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Dark Matter isn't exclusively Mac focused, however, and includes a few new iPhone exploits in the round-up as well. One is called "NightSkies 1.2" and is described as a "beacon/loader/implant tool" for the iPhone that is designed to be physically installed on an iPhone directly within its manufacturing facility. This conspiracy-leaning exploit is said to date back to 2008 -- one year after the first iPhone debuted -- and suggests, according to WikiLeaks, that "the CIA has been infecting the iPhone supply chain of its targets since at least 2008."

This is the much bigger news. If true, holy ****.
 

OldSchoolMacGuy

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Not surprising the government has a secret arsenal of weapons to gather cyber information on multiple platforms and devices. The part that bothers me is how far they go to do it to the average person.
Having worked in the industry for more than 10 years I can tell you that the government doesn't care one bit about the average person. You aren't even on their radar. As long as you aren't having sex with kids, running MASSIVE piracy rings (the original distributor of software, albums etc, not just some guy seeding a torrent), or plotting terrorist activity, they don't give a s*it about you. Seriously. These guys are so incredibly busy that only don't bother with anything less than the most important targets (and even that they don't have the time to address most of).
 
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jmgregory1

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The sad thing isn't that the CIA has capabilities to spy on people using everyday electronic devices, but rather that people think that the CIA gives a rats behind what the majority of people are doing on their devices. Sure, if you're a foreign national who has nefarious plans, you should be concerned, but Joe and Jane American, British, German, Italian, French, etc., would be thinking they're far more important than they are if they think any government wants to know what they're doing on their devices.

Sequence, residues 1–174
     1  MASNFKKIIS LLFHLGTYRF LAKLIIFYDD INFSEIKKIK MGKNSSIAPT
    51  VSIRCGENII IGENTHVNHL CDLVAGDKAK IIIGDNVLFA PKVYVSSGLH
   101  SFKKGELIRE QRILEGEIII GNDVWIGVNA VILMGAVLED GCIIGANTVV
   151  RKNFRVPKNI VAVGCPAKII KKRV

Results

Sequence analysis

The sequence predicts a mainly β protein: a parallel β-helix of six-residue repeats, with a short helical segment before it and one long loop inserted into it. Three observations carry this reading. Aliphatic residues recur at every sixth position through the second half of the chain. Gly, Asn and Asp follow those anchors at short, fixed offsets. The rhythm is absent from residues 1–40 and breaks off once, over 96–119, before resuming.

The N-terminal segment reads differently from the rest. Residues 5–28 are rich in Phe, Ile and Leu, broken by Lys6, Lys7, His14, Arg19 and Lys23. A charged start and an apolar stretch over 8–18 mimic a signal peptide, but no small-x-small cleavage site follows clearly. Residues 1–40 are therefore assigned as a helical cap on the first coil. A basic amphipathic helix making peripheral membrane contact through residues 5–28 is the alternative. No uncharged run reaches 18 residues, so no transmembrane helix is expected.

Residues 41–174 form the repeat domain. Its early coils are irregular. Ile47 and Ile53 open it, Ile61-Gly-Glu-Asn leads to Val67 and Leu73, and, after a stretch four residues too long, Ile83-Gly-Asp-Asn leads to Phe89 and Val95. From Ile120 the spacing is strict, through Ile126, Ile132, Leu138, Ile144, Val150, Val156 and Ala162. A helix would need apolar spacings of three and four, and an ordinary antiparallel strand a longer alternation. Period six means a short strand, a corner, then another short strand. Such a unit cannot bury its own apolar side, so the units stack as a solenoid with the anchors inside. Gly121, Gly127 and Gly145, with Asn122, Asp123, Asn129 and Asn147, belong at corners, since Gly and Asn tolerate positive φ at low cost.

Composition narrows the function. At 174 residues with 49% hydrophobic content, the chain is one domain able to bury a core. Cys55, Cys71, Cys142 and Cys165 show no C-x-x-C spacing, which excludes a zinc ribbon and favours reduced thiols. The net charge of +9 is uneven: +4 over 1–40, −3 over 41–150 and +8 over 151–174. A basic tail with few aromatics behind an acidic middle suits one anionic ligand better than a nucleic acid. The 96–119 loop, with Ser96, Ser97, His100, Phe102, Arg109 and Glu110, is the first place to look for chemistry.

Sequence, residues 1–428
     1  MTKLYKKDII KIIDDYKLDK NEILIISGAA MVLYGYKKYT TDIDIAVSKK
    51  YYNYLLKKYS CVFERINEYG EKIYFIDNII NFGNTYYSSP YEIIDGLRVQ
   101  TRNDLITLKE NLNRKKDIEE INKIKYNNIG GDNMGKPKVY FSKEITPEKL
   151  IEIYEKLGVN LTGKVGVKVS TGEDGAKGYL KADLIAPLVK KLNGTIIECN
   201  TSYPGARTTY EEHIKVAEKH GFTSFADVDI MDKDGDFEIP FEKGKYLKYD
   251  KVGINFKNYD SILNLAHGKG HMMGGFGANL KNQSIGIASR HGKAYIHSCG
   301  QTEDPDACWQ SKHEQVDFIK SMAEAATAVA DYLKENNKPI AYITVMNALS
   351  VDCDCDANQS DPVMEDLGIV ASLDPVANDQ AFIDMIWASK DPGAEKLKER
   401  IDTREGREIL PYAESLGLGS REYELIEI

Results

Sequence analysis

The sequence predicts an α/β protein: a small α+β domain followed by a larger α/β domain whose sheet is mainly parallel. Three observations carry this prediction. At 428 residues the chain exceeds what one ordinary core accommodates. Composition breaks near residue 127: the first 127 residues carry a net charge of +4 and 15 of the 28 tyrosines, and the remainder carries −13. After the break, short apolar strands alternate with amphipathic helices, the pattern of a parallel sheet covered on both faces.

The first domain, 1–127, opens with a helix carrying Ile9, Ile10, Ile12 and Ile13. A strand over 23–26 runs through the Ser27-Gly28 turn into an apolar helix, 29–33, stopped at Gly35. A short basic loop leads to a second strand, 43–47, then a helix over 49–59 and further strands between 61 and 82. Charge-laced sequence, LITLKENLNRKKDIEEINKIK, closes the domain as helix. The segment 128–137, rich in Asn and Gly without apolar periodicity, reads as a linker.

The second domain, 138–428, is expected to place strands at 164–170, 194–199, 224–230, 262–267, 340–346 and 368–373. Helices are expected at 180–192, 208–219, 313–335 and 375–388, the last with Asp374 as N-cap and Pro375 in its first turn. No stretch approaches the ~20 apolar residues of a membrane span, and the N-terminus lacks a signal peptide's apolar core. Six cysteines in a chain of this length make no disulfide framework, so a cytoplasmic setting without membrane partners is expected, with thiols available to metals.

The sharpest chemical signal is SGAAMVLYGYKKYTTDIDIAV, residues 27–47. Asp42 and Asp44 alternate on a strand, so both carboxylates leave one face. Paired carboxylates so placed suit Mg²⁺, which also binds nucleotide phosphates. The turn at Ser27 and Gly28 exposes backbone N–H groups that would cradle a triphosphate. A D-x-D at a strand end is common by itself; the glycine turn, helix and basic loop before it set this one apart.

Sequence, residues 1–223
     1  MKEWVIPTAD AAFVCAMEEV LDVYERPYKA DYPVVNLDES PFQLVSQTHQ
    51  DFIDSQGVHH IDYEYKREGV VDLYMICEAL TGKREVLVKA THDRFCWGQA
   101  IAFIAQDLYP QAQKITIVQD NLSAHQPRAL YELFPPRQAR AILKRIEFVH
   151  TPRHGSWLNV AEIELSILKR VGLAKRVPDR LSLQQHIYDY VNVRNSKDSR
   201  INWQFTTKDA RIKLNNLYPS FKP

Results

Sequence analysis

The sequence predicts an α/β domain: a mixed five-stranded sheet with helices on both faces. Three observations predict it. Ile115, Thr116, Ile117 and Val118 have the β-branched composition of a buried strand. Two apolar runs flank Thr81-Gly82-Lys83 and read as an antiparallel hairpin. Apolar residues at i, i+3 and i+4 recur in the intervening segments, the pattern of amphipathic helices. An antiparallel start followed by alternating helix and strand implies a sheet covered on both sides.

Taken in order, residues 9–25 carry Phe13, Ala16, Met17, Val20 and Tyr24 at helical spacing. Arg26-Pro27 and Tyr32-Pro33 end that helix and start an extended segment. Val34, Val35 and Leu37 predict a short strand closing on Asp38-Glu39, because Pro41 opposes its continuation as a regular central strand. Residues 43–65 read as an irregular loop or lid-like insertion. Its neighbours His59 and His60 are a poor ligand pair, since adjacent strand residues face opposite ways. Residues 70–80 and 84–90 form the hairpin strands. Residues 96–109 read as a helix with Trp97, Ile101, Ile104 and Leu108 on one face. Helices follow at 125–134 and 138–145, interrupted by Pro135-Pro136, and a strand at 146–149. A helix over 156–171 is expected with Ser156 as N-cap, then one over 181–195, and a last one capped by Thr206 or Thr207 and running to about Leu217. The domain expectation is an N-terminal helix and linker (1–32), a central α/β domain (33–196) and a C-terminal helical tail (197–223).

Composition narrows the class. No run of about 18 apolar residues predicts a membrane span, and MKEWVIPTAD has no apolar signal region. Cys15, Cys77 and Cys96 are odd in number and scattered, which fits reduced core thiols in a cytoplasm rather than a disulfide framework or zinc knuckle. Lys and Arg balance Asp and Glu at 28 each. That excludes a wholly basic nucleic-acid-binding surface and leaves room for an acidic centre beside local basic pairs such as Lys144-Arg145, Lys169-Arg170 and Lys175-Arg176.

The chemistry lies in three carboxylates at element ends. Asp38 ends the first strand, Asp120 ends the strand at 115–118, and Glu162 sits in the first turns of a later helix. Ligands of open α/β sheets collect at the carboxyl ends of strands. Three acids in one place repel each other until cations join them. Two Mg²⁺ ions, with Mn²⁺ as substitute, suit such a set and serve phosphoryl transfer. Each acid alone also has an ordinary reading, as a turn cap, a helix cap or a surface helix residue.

coolfactor

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This could be partly why Apple is motivated to build their own (ARM-based) CPUs — so that they can have a brand new system design that is not susceptible to known compromises. They could lock down the boot process by having full control over how everything works together. Combine that with technology like Touch ID and a system would not even boot at all without passing physical identity verification. This is generally how iOS devices work today, so Apple is bringing this to the Mac.
 

coolfactor

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The CIA does not spy on its own citizens en-masse either. They don't have the manpower. The NSA however is a different and separate story.
Combine this with the advancements in Artificial Intelligence and massively-powered computers can be doing the monitoring 24-7, and raising red flags when something is noticed. Then the "manpower" steps in to take a closer look.
 
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jahall05